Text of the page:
A coaster, drink coaster, beverage coaster, or beermat is an item used to rest drinks upon. Coasters protect the surface of a table or any other surface where the user might place a drink. Coasters placed on top of a beverage can also be used to show that a drink is not finished or to prevent contamination (usually from insects). Coasters can also stop hot drinks burning the table surface.
Pubs usually will have beermats spread out across their surfaces. They are used not just to protect the surface of the table, but, as they are usually made of paper, they can also be used to absorb condensation dripping along the glass or serve as an ad-hoc notepad. Beermats are often branded with trademarks or alcohol advertising. Beermats are not to be confused with bar mats, rectangular pieces of rubber or absorbent material used to protect the countertop and limit the spread of spilled drinks in a bar or pub.
The first coasters were designed for decanters or wine bottles, so that they could be slid (or "coasted") around the dinner table after the servants had retired. They were in common use after about 1760. Early coasters took the form of a shallow tray or dish made of wood, papier-mâché, silver or silver plate.
In 1880, the first beermats made of cardboard were introduced by the German printing company, Friedrich Horn. In 1892, Robert Sputh of Dresden manufactured the first beermat made of wood pulp. Watney brewery introduced them to the United Kingdom in 1920 to advertise their pale ale. The packaging company Quarmby Promotions, established in 1872, began manufacturing beermats in Milnsbridge in 1931. After Quarmby Promotions was taken over by the Katz Group, it moved production to Brighouse and in 2006 to Morley, West Yorkshire, before closing its production in 2009.
Saucers are also long used in western culture for much the same purpose. When drinking tea, it is customary to use a cup and saucer set. By the mid-twentieth century, drink coasters made in many materials and styles were being manufactured for domestic use. Today, they are common as an everyday houseware piece and are also used in restaurants.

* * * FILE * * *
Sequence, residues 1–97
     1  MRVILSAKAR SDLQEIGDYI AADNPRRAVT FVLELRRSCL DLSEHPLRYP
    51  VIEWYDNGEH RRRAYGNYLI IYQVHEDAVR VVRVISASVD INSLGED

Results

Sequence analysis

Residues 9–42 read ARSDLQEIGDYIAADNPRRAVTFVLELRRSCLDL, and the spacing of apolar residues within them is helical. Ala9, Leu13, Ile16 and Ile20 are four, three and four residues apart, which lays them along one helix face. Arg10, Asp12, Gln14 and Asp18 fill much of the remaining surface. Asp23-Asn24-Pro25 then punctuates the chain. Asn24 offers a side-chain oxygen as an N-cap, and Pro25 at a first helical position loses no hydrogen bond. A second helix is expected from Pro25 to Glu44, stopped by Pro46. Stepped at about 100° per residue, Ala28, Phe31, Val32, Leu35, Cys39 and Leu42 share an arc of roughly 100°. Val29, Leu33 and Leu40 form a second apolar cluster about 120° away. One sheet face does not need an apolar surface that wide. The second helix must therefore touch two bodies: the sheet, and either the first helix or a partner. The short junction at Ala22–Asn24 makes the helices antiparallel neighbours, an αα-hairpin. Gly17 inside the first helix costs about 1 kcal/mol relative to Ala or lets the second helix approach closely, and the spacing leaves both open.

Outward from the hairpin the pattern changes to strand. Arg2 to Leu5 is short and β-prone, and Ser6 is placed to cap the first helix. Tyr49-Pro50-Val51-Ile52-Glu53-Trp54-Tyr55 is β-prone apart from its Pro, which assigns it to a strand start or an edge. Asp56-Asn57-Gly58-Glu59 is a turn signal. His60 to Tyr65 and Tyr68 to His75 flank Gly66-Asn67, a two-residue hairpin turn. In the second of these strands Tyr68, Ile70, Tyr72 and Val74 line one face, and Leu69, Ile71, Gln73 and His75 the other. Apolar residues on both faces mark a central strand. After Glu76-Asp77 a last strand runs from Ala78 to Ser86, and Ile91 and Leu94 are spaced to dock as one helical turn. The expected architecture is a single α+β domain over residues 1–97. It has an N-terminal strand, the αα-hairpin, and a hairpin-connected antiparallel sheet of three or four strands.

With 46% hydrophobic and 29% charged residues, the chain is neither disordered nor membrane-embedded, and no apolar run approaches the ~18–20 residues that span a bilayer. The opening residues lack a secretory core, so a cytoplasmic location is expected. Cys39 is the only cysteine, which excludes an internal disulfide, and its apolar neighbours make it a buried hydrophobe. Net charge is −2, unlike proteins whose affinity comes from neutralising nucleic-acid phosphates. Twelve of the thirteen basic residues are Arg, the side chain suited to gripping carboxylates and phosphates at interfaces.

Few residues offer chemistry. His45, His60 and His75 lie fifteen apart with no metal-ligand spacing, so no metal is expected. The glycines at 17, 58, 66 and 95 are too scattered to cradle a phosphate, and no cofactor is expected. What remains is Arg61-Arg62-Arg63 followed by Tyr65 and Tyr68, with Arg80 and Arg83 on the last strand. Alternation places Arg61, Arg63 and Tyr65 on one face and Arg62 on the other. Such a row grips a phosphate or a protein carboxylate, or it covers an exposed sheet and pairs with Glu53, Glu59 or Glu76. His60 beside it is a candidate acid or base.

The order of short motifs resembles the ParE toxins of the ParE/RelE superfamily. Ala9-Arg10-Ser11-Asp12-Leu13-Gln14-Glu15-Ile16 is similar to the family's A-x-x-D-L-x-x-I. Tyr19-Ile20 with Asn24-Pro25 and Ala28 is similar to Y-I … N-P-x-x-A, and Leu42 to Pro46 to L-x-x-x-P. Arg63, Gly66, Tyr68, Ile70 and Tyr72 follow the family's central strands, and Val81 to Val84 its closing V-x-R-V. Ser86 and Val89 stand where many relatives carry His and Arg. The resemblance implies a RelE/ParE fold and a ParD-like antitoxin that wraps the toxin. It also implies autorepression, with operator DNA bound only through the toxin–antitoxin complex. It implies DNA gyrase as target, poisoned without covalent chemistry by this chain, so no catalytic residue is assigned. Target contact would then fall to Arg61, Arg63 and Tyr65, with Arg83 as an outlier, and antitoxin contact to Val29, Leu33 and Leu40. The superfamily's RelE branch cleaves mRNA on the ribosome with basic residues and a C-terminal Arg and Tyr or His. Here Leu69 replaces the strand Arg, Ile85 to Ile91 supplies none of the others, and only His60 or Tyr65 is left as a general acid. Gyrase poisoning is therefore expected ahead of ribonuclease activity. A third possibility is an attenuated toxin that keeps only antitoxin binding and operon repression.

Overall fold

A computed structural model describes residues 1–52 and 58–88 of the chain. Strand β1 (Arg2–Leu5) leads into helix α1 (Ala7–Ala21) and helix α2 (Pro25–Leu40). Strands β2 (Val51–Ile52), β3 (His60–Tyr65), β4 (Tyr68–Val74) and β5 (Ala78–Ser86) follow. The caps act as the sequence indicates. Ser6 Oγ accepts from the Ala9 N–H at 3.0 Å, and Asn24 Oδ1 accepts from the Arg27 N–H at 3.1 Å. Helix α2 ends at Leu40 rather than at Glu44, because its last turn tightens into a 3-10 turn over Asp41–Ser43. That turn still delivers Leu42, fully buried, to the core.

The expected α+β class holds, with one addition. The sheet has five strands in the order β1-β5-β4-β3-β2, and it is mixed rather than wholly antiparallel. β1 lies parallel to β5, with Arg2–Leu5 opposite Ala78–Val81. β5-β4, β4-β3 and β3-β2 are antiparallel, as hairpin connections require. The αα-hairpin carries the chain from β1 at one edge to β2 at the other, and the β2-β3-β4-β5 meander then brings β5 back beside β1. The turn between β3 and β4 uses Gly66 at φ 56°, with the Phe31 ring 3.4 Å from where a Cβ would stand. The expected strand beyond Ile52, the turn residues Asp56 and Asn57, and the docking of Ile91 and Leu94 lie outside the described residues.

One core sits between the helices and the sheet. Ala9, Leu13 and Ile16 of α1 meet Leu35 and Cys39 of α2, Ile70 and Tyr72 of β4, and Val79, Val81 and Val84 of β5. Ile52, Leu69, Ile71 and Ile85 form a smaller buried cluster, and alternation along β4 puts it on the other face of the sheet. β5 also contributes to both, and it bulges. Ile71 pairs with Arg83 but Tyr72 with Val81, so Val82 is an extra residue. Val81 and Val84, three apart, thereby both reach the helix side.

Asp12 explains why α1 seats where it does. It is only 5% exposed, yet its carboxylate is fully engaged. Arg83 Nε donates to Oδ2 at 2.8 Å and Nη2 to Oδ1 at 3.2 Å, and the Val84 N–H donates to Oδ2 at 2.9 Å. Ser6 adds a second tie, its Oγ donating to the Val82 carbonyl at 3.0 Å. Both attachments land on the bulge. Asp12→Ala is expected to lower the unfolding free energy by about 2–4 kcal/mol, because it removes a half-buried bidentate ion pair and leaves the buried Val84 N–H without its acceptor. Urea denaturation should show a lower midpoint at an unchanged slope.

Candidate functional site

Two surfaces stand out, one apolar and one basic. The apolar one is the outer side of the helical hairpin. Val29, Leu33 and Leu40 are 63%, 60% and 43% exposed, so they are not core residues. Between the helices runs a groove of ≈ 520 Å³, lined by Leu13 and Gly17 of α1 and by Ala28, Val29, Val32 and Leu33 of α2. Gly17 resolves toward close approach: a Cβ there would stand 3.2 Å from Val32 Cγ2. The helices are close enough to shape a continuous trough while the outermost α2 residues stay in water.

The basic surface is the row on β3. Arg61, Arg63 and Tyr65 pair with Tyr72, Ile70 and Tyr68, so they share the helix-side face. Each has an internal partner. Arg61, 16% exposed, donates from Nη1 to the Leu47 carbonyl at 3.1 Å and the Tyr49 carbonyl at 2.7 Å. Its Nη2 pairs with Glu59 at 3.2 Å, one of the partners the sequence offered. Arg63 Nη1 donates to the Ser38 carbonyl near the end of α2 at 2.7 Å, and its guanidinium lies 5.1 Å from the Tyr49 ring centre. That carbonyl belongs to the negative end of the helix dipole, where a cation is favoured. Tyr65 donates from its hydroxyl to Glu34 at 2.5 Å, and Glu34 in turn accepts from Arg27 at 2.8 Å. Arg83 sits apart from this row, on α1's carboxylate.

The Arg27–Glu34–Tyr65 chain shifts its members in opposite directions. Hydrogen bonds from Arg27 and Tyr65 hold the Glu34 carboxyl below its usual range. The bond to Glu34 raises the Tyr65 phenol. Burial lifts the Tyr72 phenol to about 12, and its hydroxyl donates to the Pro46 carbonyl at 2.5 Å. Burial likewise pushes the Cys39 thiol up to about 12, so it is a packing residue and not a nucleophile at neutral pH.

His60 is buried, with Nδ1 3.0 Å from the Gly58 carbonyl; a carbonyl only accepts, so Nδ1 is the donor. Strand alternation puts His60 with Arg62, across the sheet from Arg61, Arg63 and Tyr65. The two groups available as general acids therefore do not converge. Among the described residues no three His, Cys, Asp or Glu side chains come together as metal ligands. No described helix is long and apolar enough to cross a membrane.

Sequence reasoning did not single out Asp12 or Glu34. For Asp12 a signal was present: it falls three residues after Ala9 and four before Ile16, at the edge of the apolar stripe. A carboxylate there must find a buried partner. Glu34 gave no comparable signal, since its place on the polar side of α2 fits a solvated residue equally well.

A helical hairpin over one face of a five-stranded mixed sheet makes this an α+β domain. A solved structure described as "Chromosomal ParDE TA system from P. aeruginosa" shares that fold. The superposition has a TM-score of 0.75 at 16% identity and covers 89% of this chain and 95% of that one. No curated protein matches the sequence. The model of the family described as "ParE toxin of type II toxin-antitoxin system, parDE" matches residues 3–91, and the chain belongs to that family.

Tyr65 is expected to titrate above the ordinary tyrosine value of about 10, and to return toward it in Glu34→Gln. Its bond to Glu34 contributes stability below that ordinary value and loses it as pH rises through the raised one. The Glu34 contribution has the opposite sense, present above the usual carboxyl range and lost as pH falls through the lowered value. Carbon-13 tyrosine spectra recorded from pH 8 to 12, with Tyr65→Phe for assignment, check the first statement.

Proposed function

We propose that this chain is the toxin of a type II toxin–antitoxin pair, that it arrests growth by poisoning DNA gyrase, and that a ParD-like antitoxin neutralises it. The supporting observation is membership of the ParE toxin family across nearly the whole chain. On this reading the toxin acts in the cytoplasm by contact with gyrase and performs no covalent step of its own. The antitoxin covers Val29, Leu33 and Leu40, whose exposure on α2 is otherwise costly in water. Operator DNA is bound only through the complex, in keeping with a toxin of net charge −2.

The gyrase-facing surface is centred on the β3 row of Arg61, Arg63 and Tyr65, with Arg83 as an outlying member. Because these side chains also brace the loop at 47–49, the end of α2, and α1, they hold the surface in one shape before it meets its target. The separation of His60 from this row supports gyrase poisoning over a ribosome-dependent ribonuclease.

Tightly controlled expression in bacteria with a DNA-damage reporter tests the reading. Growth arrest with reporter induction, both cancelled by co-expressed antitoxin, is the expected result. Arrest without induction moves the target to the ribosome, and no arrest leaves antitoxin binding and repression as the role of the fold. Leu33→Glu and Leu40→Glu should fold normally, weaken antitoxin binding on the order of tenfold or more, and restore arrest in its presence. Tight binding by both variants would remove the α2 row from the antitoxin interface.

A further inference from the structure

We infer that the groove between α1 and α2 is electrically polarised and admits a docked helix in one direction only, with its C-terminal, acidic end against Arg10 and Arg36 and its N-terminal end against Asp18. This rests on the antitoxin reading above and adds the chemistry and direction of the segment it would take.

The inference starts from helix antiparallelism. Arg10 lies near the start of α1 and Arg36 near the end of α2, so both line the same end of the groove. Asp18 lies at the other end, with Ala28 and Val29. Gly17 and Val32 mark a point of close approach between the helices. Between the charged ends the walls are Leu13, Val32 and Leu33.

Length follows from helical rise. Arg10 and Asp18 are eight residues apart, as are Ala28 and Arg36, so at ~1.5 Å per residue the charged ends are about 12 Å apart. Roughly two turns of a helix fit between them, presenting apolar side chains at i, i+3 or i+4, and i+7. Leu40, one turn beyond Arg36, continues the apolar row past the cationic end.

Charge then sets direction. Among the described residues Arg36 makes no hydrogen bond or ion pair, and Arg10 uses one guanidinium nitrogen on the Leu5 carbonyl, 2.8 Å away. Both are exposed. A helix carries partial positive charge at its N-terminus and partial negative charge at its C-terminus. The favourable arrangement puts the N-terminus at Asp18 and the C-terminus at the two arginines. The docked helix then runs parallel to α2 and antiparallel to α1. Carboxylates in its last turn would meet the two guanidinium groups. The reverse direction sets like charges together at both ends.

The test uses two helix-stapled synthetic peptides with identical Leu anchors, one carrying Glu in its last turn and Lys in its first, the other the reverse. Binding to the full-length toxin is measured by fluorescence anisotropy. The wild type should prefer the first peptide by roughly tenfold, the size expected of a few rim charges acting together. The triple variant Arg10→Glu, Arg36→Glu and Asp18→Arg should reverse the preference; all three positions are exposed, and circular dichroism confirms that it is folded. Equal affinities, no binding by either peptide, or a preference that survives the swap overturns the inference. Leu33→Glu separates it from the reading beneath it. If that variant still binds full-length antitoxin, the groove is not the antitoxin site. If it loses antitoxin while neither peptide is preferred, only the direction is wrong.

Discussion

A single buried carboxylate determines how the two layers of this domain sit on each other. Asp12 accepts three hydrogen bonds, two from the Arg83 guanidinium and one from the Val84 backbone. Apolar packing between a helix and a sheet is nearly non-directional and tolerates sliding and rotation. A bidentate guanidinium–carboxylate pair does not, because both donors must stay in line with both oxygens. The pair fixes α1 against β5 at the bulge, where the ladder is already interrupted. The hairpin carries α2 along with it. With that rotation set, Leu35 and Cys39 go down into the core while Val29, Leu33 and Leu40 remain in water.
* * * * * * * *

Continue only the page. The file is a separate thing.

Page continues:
More recently, glass coasters with empty frames have been produced. The consumer can then personalize each one with a different picture or design. More recently some beermat manufacturers have overhauled their manufacturing processes, allowing them to supply bespoke pulpboard beermats in quantities as low as 100 without significant price premiums associated with smaller print orders. This has expanded the reach of the beermat with individuals choosing to have bespoke beermats printed for their wedding and political parties utilising them to deliver campaign messages.
Coaster Factory and Canada Coaster, based in North America, and The Katz Group, based in Weisenbach, Germany, produce approximately 75% of the estimated 5.5 billion beermats in the world, including about two-thirds of the European market and 97% of the US market. In addition to the factory in Weisenbach, Katz has another two conversion factories in the U.S.: one in Sanborn, New York, and the other in Johnson City, Tennessee.
Some drink coasters can be recycled, and the United States Environmental Protection Agency lists the following as benefits of recycling:
Beermats are usually adorned with a customized image—usually mentioning or advertising a brand of beer, although they can also be used to promote a drinking establishment, sports franchise, businesses or special events.
Some coasters are collectible items. Tegestology is a term coined from Latin (teges, "covering" or "mat" and -etis) defined as the practice of collecting beermats or coasters, with practitioners known as tegestologists. A 1960 British Pathé News short shows comedy duo Morecambe and Wise as tegestologists.
The dictionary definition of drink coaster at Wiktionary Media related to Beermats at Wikimedia Commons
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